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  • Caron Levis

Walking Together—From a Distance: Friends Step Up to Big Changes

"They kept walking, one hoof in front of the other,

until it felt like Jack's steps were Charlie's, and Charlie's steps were Jacks."

Dear Readers, I’ve been thinking a lot about walks, friends, and Big Changes.

The new picture book This Way, Charlie (with words by me and art by Charles Santoso) is inspired by the true story of a goat named Jack and a horse named Charlie who walked together every day for over fifteen years of friendship. In our book, the two animals become friends when Charlie is getting used to a big change in his body: he is losing his eyesight and can’t find his way around by himself like he used to. Jack, who is used to keeping to himself, makes a big change and offers to guide Charlie to his favorite field—and the two become walking buddies. Through their walks, the two friends navigate big changes and challenges with kindness and creativity—which is what I’m seeing kids and families doing all the time now.

Jack and Charlie walk to their favorite field.

I love taking walks with friends. Usually we walk side-by side, holding hands, or playing games, but right now we need to give each other space in order to keep everyone healthy. This is a big change and I have big feelings about it—I MISS walking with friends. Luckily, staying physically apart doesn’t mean you can’t keep taking walks together, you just have to get creative!

Below are some ideas you can try and I hope you'll share your ideas with me too. It’s also wonderful just to know that your friends are out there taking walks in their own, safe and healthy spaces right now. What does that friendly space feel like to you? For Jack and Charlie,

“Sometimes a quiet like warm milk filled the space between them.”

-from This Way, Charlie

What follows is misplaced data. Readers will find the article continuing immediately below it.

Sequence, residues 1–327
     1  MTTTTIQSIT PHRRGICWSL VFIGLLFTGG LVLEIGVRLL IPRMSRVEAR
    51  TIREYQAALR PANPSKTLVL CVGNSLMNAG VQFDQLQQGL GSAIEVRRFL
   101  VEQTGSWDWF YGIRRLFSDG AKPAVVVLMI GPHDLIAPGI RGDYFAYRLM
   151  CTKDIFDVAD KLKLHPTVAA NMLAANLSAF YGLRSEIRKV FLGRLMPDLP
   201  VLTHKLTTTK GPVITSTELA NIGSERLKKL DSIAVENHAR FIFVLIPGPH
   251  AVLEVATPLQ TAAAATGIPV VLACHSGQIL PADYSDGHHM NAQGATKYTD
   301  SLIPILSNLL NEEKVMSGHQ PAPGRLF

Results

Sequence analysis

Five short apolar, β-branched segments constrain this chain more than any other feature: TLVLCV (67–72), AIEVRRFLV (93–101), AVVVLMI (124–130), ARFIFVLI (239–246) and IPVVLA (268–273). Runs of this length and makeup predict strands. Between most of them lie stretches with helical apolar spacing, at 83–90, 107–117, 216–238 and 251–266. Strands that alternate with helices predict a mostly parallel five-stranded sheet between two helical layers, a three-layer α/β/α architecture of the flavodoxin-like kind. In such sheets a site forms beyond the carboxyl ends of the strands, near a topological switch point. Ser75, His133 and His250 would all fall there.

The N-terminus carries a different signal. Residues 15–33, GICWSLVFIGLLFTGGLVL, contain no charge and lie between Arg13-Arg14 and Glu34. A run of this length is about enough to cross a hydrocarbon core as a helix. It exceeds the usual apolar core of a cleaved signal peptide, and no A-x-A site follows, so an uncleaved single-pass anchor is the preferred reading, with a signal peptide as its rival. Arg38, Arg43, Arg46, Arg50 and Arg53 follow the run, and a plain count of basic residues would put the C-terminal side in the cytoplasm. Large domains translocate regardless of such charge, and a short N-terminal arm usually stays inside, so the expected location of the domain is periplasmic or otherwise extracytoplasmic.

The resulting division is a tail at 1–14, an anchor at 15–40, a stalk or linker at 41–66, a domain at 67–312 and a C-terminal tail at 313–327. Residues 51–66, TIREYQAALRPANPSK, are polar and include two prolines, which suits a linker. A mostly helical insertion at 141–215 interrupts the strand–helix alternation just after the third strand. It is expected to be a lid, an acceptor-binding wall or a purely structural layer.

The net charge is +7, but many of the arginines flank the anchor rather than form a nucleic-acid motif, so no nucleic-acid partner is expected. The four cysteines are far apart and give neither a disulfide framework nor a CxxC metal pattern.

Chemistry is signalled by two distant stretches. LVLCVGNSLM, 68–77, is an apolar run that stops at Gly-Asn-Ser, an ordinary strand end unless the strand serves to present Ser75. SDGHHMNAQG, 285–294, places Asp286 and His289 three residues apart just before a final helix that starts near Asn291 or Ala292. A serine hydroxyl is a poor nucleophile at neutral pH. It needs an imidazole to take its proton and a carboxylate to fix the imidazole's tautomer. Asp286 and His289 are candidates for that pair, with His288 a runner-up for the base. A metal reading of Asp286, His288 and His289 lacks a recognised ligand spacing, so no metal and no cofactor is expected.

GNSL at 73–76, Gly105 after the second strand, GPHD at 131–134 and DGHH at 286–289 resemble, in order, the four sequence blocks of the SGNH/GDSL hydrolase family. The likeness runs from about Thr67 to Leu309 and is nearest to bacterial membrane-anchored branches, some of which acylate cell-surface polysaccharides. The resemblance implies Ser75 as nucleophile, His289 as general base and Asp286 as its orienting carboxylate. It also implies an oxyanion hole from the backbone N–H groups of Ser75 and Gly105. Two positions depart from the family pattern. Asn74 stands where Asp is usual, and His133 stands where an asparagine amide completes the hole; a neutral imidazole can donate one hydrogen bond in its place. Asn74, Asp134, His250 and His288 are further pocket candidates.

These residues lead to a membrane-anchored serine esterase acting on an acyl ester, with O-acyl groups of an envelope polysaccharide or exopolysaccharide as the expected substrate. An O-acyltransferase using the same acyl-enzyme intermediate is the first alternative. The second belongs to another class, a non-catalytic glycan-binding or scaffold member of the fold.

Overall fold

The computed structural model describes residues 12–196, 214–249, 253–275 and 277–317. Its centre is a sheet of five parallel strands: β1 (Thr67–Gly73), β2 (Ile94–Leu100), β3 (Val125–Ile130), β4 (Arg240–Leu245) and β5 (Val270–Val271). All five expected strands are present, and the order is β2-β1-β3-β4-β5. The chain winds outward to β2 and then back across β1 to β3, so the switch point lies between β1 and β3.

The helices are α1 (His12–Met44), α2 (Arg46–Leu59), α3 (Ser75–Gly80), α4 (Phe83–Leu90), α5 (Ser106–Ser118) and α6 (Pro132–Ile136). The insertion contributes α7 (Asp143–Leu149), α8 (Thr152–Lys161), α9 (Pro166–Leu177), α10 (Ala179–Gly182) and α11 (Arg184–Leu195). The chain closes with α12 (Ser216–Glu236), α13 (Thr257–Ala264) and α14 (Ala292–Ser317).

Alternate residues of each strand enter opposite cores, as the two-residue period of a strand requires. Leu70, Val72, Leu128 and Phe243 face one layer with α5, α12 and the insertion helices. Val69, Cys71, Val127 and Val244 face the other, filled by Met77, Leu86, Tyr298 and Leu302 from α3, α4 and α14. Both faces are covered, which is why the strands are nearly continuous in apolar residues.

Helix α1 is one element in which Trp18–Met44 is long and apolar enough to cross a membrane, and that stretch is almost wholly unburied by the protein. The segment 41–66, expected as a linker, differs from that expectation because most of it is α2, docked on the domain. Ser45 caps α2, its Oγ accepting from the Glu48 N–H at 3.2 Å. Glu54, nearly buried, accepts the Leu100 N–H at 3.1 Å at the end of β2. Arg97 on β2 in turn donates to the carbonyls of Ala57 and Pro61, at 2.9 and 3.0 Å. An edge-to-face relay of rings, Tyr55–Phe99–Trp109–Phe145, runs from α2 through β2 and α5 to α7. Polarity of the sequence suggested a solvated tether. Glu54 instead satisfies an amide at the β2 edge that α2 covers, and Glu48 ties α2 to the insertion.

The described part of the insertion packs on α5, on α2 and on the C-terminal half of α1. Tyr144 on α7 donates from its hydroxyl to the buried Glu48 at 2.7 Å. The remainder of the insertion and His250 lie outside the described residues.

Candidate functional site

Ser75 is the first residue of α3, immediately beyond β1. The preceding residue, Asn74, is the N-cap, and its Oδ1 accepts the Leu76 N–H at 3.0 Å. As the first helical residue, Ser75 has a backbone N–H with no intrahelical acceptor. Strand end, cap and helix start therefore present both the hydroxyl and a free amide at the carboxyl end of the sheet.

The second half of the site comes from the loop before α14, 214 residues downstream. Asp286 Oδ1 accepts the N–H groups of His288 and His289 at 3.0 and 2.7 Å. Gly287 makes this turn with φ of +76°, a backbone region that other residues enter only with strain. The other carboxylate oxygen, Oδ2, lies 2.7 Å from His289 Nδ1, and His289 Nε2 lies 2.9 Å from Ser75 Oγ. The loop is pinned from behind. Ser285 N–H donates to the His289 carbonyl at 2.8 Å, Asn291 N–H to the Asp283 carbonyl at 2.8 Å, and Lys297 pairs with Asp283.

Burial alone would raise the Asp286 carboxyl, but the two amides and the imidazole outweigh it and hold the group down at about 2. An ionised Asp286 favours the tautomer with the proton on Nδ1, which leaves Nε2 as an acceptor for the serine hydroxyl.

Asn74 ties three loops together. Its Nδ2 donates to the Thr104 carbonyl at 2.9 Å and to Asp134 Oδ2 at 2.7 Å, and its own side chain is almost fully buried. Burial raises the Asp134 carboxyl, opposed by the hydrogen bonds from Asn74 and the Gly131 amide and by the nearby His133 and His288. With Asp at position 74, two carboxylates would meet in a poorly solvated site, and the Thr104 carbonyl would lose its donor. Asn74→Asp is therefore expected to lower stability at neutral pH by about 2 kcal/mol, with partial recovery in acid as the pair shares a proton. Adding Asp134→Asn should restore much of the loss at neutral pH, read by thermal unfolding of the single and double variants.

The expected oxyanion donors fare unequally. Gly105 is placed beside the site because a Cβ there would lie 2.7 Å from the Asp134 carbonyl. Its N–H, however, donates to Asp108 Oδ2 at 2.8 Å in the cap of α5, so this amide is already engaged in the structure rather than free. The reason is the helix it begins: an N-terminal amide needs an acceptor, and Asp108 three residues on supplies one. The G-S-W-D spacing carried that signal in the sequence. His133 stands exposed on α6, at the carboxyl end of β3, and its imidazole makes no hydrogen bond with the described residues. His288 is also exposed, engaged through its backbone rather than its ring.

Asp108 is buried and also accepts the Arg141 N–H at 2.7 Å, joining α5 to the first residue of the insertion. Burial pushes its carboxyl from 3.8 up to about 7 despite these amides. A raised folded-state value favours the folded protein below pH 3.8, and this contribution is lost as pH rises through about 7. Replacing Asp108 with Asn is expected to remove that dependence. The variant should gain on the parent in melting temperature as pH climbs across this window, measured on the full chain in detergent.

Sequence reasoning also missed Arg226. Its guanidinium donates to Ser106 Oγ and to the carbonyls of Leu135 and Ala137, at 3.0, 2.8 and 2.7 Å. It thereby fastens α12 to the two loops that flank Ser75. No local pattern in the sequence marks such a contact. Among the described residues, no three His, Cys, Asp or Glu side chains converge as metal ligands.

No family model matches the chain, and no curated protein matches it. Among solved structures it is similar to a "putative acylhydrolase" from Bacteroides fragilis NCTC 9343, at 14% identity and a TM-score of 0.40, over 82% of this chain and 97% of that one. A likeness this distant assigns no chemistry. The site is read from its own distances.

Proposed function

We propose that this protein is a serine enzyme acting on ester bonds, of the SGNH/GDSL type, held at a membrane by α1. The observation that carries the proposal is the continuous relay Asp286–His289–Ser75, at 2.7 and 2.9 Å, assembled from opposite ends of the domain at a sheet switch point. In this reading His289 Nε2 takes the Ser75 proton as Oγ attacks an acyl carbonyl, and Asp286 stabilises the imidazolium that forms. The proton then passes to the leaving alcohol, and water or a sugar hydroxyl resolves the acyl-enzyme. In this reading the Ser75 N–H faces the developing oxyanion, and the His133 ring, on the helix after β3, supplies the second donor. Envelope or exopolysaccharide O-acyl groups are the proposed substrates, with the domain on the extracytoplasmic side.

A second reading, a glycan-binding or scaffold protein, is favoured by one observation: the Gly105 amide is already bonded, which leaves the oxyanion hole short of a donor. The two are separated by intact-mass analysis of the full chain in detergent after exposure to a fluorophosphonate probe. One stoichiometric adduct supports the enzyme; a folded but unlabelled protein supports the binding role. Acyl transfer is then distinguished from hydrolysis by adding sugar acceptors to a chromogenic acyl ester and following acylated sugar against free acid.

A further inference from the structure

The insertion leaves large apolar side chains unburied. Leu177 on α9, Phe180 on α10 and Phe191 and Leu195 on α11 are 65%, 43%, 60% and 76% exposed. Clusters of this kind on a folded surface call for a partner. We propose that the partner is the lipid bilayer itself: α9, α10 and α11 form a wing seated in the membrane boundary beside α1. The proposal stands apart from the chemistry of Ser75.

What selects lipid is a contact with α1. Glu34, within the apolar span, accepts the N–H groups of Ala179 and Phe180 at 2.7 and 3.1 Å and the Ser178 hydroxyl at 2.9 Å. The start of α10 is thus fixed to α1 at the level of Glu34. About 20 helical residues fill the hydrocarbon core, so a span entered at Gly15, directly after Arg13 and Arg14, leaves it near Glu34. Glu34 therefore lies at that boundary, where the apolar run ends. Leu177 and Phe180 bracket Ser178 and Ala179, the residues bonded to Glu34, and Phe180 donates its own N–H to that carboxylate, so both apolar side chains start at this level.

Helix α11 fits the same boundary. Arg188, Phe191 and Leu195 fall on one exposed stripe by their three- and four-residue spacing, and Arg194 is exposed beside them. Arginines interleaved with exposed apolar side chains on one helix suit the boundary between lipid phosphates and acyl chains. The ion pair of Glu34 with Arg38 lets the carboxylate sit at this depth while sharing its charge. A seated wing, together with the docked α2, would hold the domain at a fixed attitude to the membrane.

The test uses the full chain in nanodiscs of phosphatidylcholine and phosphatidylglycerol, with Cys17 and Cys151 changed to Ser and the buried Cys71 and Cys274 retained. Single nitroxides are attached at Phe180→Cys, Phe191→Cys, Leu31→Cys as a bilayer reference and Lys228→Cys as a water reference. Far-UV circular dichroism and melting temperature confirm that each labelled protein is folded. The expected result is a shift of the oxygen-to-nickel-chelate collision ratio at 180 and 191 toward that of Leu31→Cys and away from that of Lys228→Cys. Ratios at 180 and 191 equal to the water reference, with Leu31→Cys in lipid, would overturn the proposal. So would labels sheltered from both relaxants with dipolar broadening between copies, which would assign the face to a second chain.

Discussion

Keep walking and reading, “one hoof in front of the other” friends,



Ideas for Walking Together—From a Distance

Note: Safety first! Kids should always be with their groan-up!

Take & Compare Notes: Take an artist (or mental) notebook with you to jot down the colors, shapes, animals, buildings, and objects you see. Then Call/video-call a friend later and see if what you saw was similar and different on your walks.

Eye Spy: Choose a path with your friend (Groan-ups guide of course!) Give your friend a 5-10 minute head start. Using your groan-ups phone to call or text, play eye spy!

Leave a Trail!

· If you have a snowy or muddy trail, leave foot prints for your friends to follow. (Idea by Tilly M. puppy age 15 weeks).

·Use tape or string to hang poems, drawings, wishes, notes from a tree, a post, a gate.

Use Sidewalk Chalk! (if you don’t have chalk, taping signs can work also)

· Leave a hopscotch game for your neighbors to use! (Idea by Ella, age 6 & mama Em)

· Write a joke or riddle for your friend to answer when they walk by! (Idea by Mason, age 3.5 & mama Em)

· Draw something in front of your friend’s house!

· Make an exercise block with instruction of what to do in each spot. (ex: ten jumping jacks! Run in place for 20 seconds! )

· Make a sound path (ex: crow like a rooster! Yodel! Sing your favorite song! )

Window Walks! Sometimes our bodies, situations, or the weather mean we can't physically walk outside. Use a window and trace a path with your finger, then follow it with you eyes and describe the colors, shapes, & all you see. Draw your window walk and share it with a friend.

Treasure hunt: Create a treasure hunt in your neighborhood by leaving clues with chalk or signs, around the neighborhood. See who discovers the drawing you left at the end!

Art Walk: Ask everyone who wants to participate in your neighborhood to put a picture or sculpture on their lawn for a day. In the city, ask your board or management if you can do this in the lobby, and make an online time sign up!

Sign Poems! Snap a photo or write down street, store, truck, and other signs, graffiti, you see. When you get home, make a poem out of it and send it to a friend. Ask them to send you one too! Here are some examples I made:

Rough Road Ahead.

Shoes Must be Worms at all Times.


Love, you go—



No Horn Blowing.

People May be Below.

Thank you, Please Come Again.

From Jack and Charlie:

· Exchange a Question of the Day with a friend, think of answers while you walk, then call/write to share them.

· Decide with a friend what to include in your walks: fast, slow, skips, hops, zig-zags?

· If you’re walking on the same block or park as a friend, instead of running to be near them, try a call and response and see how far away you can still hear each other! Make one up or use Jack and Charlie’s joke: “Hey, friend!”/“Hey is for horses!”

Share this blog with a friend and let me know how you are Walking Together—from a Distance! Use #ThisWayCharlie so I can share your ideas via Twitter, Facebook, Instagram, the blog comment section (sign up is fast!) or via email


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